Louise Fletcher was a so-called "one hit wonder". It's always very dangerous to win an Oscar when you're not that famous as they begin to typecast you (Fletcher) or they just forget you when it's proven that you're not what they wanted (Luise Rainer). Nurse Ratched was a role that was turned downed by some great actresses like Jane Fonda (I'm just wondering how she would have been here), Faye Dunaway, Anne Bancroft (she would have killed in this part, I think) and Angela Lansbury (wow, I wish that had happened, she would have been so interesting). So the relatively unknown Lousie Fletcher played the part. I guess, with hindsight, it was a great decision as many love this performance.

But I'm not one of them, unfortunately. Honestly, I really tried to like her and I actually did, I just never felt that this performance was as amazing as some say. Although she has her moments, her whole work is nothing really remarkable. First of all, I couldn't really decide if Nurse Ratched was really that evil. I suspected that she just wanted to keep a distance while she was doing her job. Some say that she's the devil itself but I wouldn't say so. She's a cold, and probably even manipulative woman who just wants to keep order. She's always deathly calm and she doesn't seem to be terrified by the patients.

What I do like about this performance is that Fletcher plays nurse Ratched with such calmness and subtlty. There are no over-the-top screams by her, mostly she's just sitting and looking in a very icy way. I could say that she did nothing in this part and I would probably be close to reality, however, I felt Fletcher got very much out of this part that's isn't exactly deep. She's not amazing because she cannot be amazing as Nurse Ratched. She's a very simple, uninteresting woman and there isn't much drama about her. She's just there and we can see some of her actions. Yet Fletcher did her best to make Nurse Ratched interesting. I guess she succeeded in a way, as her performance was never that boring, I just could't see the real brilliance.

However, I did like the nuances that Louise added to the character. I don't know why I felt that but this character seemed a bit delicious, especially when she was being quite mean and cold. For example, in the end, she tortures a boy into suicide and that's a brilliantly acted moment by Fletcher. That scene impressed me very much and I thought it was handled extremely well by her.

Still, I don't know what to say about Louise Fletcher in this movie. She's indeed very good but nothing amazing. Although some go crazy about her subtle evilness, she left me a little bit cold. There are excellent moments and the overall effect on me was really positive, I just feel that she wasn't that great.
Very hard rating. She's between a 3,5 and a 4. It might be surprising that I went with the latter. I just compared her to other performances and she was better than some who got 4s.

What do you think?

Tuesday, June 21, 2011

Isabelle Adjani in The Story of Adèle H.

Isabelle Adjani received her first Oscar nomination at the age of 20 for playing Adèle Hugo, the troubled daughter of the famed French author, Victor Hugo, in Francois Truffaut's movie, The Story of Adèle H. Adjani caused a real sensation with this performance of hers and I think that she would have won the Oscar if Louise Fletcher had been nominated in the supporting category (where she really did belong). Adjani was the critics' favorite, she was young, she was beautiful and had a great chance of winning that year. I guess the fact that she was relatively unknown and she was in a French movie prevented her from winning the Oscar. I still believe that she was much closer to winning than some would assume.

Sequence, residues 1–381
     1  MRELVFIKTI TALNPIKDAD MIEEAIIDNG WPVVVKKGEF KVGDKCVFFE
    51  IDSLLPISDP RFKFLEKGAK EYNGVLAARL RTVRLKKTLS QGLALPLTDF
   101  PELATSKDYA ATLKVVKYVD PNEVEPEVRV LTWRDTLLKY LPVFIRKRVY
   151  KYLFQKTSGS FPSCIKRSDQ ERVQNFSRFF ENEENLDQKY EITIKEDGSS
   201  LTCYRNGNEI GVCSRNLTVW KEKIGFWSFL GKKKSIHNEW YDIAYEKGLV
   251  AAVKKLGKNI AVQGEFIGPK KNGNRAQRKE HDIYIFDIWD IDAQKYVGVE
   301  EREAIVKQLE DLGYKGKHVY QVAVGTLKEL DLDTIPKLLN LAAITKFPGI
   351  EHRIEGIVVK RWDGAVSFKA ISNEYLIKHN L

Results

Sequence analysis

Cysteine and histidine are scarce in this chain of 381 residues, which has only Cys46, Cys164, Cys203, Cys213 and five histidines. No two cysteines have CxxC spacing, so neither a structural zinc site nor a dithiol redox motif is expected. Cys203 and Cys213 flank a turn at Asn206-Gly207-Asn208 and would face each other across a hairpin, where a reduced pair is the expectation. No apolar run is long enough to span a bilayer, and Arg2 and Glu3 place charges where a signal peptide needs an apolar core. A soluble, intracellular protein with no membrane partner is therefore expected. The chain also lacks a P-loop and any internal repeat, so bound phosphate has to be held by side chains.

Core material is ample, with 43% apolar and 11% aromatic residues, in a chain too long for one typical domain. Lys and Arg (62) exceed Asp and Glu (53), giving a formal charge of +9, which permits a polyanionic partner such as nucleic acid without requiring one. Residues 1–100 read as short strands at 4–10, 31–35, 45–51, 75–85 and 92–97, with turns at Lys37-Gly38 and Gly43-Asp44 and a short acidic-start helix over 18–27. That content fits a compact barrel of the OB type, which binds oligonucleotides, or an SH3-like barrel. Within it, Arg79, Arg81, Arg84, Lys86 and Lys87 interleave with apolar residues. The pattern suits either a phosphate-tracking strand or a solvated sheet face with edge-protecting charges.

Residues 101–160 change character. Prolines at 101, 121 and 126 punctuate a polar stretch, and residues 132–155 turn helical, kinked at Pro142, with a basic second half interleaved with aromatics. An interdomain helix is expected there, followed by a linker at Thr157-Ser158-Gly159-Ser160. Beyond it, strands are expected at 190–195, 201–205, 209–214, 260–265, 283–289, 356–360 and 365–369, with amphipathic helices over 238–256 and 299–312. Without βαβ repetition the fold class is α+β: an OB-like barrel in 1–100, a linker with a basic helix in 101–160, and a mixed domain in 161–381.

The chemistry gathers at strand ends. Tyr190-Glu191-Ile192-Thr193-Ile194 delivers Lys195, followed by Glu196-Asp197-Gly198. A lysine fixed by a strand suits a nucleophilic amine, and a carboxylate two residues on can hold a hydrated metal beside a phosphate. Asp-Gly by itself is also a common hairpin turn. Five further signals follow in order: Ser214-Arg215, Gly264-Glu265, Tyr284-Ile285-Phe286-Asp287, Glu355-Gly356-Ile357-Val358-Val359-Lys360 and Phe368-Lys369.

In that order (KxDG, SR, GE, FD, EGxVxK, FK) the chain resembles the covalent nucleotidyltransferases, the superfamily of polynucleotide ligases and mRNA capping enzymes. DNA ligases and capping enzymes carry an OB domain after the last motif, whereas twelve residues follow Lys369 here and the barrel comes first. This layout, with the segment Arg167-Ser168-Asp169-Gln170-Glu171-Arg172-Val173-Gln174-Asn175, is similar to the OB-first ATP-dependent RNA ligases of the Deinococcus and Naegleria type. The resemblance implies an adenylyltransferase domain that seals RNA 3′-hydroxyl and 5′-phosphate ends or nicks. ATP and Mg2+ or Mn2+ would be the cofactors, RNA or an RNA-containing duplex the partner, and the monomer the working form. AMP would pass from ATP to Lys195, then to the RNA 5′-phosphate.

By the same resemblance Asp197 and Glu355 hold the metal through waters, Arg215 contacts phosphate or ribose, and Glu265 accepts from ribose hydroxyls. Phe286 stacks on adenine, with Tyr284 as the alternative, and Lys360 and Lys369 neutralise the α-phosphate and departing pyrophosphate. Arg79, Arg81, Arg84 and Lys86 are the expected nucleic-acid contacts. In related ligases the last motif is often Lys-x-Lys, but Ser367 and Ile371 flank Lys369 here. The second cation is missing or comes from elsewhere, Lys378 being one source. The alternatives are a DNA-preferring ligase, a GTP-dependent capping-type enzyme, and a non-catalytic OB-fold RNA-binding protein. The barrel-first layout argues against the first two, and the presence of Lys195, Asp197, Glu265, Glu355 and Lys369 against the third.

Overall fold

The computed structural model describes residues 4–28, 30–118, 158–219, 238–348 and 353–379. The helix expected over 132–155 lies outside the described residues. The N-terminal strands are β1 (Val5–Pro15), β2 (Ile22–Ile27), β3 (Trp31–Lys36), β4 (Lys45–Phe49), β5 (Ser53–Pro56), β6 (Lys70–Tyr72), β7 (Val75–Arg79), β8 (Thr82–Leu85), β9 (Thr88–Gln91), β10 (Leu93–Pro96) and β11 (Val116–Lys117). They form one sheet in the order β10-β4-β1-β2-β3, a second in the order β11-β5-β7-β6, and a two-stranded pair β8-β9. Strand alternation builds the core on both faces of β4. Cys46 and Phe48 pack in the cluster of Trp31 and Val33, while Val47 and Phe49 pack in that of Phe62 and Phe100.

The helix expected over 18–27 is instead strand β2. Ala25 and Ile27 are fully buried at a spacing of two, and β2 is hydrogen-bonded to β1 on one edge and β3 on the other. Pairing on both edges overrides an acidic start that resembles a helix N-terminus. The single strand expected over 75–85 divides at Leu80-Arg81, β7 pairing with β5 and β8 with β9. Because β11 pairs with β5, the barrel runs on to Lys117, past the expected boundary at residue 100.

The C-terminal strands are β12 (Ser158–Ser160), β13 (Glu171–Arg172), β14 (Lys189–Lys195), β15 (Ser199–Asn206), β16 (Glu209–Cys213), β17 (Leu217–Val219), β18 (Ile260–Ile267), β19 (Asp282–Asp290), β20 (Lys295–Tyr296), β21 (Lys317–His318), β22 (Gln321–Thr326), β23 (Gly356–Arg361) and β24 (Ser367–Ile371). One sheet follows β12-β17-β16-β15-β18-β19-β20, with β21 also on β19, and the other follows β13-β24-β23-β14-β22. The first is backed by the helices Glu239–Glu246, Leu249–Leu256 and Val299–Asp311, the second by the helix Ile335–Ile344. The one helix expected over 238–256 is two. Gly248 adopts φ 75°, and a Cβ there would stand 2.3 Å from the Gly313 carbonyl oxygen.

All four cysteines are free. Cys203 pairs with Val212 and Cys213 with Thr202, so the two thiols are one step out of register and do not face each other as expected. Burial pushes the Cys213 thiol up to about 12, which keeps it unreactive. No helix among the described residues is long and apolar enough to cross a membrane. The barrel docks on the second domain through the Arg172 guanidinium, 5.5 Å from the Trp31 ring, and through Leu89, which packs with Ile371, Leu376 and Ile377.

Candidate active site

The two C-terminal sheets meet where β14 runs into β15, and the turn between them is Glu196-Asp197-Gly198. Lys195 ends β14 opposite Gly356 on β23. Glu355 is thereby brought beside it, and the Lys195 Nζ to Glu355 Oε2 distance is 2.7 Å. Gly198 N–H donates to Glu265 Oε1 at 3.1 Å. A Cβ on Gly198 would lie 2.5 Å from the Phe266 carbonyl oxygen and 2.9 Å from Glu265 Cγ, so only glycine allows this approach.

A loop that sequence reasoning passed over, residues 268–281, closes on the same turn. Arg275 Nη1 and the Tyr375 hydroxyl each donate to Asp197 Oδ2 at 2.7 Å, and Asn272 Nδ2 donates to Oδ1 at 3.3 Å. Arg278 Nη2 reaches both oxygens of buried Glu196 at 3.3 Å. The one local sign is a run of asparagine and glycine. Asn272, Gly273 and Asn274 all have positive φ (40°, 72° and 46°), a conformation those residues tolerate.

The Story of Adèle H. is a really great movie and I'm quite surprised that it wasn't nominated for Best Foreign Language Film. Dersu Uzala (the one that won) was better, I think but a nod would have been deserved for this one, in my opinion. Truffaut was a brilliant-brilliant director and he shows his talents in this movie, too. There's so much tension in this movie and I really felt as if I was reading a romantic French novel. It's full of passion and excitement and it most certainly impressed me. French movies are so great and this piece is just another proof of my theory.

The story is about Adèle Hugo, the daughter of Victor Hugo who falls for a handsome soldier who rejects her all the time and treats her like an animal. This is a really tragic, sad story and once you read it, you immediately think about Isabelle Adjani. In my humble opinion, Adjani was born to do this part. Adèle is a mentally unstable, fragile woman and Adjani's just brilliant at playing this kind of characters. I'm just thinking about her work as Camille Claudel. That's a really weird character (in a weird movie) and yet Adjani injected so much passion into her and the result was something immense. Adjani represents what I love about French cinema in general. She's so unique and she doesn't fall into any categories. She has an own category.

Very much like her performance as Adèle as Adjani is just fantastic as Adèle Hugo. This work is very hard to write about and mostly because of its really unique nature. It's neither subtle nor over-the-top and it's so full of hidden layers. I guess my only complaint could be that it started out a little bit slow but that could have been due to the fact that Adjani wanted to show all the layers of Adèle very carefully and in detail.

Adjani's performance is just like music. The emotions are flowing and you cannot really interpret those feelings because there are so many of them. She's so thrilling and she's never out of tune. There's perfect harmony in her performance even when we see Adèle falling apart. Watching that process is not very easy or pleasant but it is indeed a thrill. The development of Adèle is so fantastic. Adjani went from point A to at least point Z (she covered the whole alphabet and went beyond that). It was a really mindblowing journey for me to see her.